Nikki Preston

Nikki Preston is a Herald reporter based in Hamilton.

Market shoppers will share Frankton road with traffic

Market share: Motorists and pedestrians at Frankton Markets will share Commerce St, Frankton. Photo / Supplied
Market share: Motorists and pedestrians at Frankton Markets will share Commerce St, Frankton. Photo / Supplied

A bid by Frankton's biggest retailer, Forlongs, to get better access for customers by moving the local markets has backfired with a council decision to open the road while stallholders trade on footpaths.

The Hamilton City Council yesterday settled the dispute by agreeing to trial a shared-space concept, whereby cars will travel down Commerce St while the markets run on the footpath and into the parallel carparks but pedestrians have right of way.

The shared space comes into affect from Saturday, March 3.

There is a limit to the number of days roads can be closed each year. The council allowed closures because they were for half days but this was challenged by Forlongs.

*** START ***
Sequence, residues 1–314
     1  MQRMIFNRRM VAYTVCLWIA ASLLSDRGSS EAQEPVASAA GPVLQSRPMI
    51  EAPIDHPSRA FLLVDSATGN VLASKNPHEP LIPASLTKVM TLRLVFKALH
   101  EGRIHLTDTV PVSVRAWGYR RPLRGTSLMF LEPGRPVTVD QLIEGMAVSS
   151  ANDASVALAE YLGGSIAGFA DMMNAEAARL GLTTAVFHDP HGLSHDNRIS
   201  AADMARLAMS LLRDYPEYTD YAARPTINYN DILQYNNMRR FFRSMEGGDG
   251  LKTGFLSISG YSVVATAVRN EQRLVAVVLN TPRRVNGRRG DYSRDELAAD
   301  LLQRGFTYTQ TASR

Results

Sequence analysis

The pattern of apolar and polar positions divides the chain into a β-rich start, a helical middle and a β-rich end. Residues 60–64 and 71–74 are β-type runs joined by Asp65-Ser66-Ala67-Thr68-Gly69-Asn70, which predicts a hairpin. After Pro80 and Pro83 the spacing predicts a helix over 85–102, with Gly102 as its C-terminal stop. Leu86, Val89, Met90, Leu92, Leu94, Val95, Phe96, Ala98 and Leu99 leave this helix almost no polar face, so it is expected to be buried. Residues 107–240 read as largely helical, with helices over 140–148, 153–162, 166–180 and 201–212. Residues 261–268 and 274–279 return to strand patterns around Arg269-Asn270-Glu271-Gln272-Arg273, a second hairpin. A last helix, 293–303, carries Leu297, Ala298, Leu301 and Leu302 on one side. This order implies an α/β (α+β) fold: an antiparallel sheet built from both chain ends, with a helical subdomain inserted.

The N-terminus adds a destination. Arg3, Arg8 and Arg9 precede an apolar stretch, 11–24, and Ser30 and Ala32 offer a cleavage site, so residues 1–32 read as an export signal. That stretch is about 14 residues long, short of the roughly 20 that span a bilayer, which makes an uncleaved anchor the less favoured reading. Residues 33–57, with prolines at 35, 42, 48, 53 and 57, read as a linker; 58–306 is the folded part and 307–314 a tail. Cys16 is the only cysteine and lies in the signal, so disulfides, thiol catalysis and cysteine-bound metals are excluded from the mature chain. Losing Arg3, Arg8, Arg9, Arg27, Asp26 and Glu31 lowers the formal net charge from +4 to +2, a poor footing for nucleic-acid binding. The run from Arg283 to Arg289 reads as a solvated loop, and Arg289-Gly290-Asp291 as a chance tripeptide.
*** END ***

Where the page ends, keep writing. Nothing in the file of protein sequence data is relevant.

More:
The council has decided to turn Commerce St - between High St and Lake Rd - into a shared space on Saturday mornings.

Councillors will revisit the move next month after staff investigate whether it is viable long term.

Forlongs general manager Terry Forlong doubted it was just a trial. Forlongs had wanted the markets to move to Sundays, when the store is closed, so it could ensure better access and parking for customers. Forlongs had also said theft increased on market days.

Frankton Markets co-ordinator Vinod Bhikha said the next few weeks would be spent educating people about the change. The markets' first choice was to close the road while the market was on.

"It will be interesting to see how stallholders feel in terms of foot traffic now being on the footpath and stall holders on the road will be trading in towards the footpath."

Councillor Maria Westphal pushed the idea of a shared lane in a bid to come up with a solution that worked for everyone.

"Frankton is not just Forlongs. Yes, Forlongs has done wonderful things for Frankton, yes, they started the markets, but Frankton is about all the businesses ..."

Mrs Westphal rejected colleagues' concerns that public safety could be at risk and said cars travelled at only about 10km/h. She also thought motorists might be deterred, once they saw markets and pedestrians, and opt for another route.

Councillor Ewan Wilson said it was a tragedy that the two parties couldn't come up with a compromise. "It [the shared road] is not perfect - it comes at a high risk."

Councillor Gordon Chesterman predicted a shared lane would be a "shambles" and said the city had to look after its businesses in tough economic times.

- NZ Herald

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